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You Didn’t Start Programming Until College? Let’s Change That.

July 6, 2016

About Me

Sarada Symonds is a second year student currently pursuing a combined BS in computer engineering and computer science. On campus, she is actively involved with the Society of Women Engineers, Enabling Engineering, and the Science Club for Girls. She is also involved with research in cloud security and deployment. This fall she will be starting her first co-op at Yeti in San Francisco.

You Didn’t Start Programming Until College? Let’s Change That.

Most of the engineers I’ve met in college seem to fall into one of two groups: “I never programmed until I started college” or “I wrote my first program when I was 13.” I fall into the former category, and I felt totally out of my depth for the first week or two when I started taking computer engineering courses. In fact, two years later, I still sometimes get hit with that feeling.

This was one of the reasons I was so glad to start volunteering with the Science Club for Girls. Their new program, Tech Team, was being created to teach girls programming concepts and entrepreneurship. By the end of the program, club members had designed their own original Android app, which was submitted to an international competition, Technovation. The competition challenges middle school and high school girls to develop an app and a business plan, and then grants the winners seed money to fund their company.

Tech Team launched last fall, and we started by teaching basic programming and business concepts and creating simple apps for Androids. However, the great thing about Tech Team was that even though there were new skills to learn each week, there was always time for fun and games, and the mentors got to participate. VMWare had donated office space for the team to meet once a week, and they were kind enough to share food from their kitchen or leftover swag from company parties. On Halloween, they even invited the group to their Halloween party, which included a walk through haunted house and tons of cake, cookies, and candy. On the last meeting before Winter Break, we watched Code Girl, the documentary about Technovation teams that was released on YouTube last year.

After break, it turned into crunch time. The competition had officially started, and the group was split into smaller teams that worked together on their apps and business plans. When we started, most of girls had never programmed before. By the end, they had created some amazing apps that improved safety, located volunteer opportunities, and helped young girls cope with depression. Every member of the team programmed, and some girls used their background with graphic design, writing, or film to help bolster their submission. By the time they were finished, the apps looked incredible, and definitely better than the first app I made the summer after my freshmen year.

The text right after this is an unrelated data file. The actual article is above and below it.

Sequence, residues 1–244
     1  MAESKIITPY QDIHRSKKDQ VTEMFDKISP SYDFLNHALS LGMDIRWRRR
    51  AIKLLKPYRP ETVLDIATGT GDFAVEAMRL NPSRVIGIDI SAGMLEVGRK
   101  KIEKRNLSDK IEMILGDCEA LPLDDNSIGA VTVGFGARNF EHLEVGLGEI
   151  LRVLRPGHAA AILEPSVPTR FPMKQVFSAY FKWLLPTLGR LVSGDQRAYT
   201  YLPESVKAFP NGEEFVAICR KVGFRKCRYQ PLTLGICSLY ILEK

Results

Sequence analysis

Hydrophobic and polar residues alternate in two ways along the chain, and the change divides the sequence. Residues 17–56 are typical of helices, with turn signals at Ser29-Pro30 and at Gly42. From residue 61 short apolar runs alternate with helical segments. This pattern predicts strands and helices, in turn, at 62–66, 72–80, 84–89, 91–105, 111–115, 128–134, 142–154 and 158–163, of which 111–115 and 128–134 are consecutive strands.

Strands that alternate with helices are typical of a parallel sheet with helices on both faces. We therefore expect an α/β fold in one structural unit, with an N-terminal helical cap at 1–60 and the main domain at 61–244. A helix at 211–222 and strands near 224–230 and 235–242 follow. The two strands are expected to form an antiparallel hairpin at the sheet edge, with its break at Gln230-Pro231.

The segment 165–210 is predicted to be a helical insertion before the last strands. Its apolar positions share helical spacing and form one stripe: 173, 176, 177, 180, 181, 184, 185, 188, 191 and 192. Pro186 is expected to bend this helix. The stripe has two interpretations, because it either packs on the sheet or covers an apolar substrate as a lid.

Volunteering with Tech Team was always one of the highlights of my week. Even if I was feeling overwhelmed with course work or anxious about an upcoming test, when I was volunteering I could completely put aside my problems for once and focus on helping other people. My job was to help answer questions about programming, but I also talked to the members about their schoolwork and afterschool activities. The program also connected me with other amazing people who were volunteering. Science Club for Girls also has an internship program, and one of the members was planning on going on an anthropological dig in South America this summer. I was the youngest, and least experienced, person there, and by listening and asking questions, I learned a lot about what it’s like working in an office, the technologies companies use, and searching for a job in tech.

Although there were a number of benefits to volunteering with Tech Team, I also hope it made some sort of an impact on the members of the team. Even in high school, the number of males in computer science far outweighs the number of females. The goal of Tech Team was to introduce girls to computer science before that happens. It would be amazing if even one member ends up deciding to major in computer science or engineering in college, and can tell her classmates that she’s been programming since she was 13.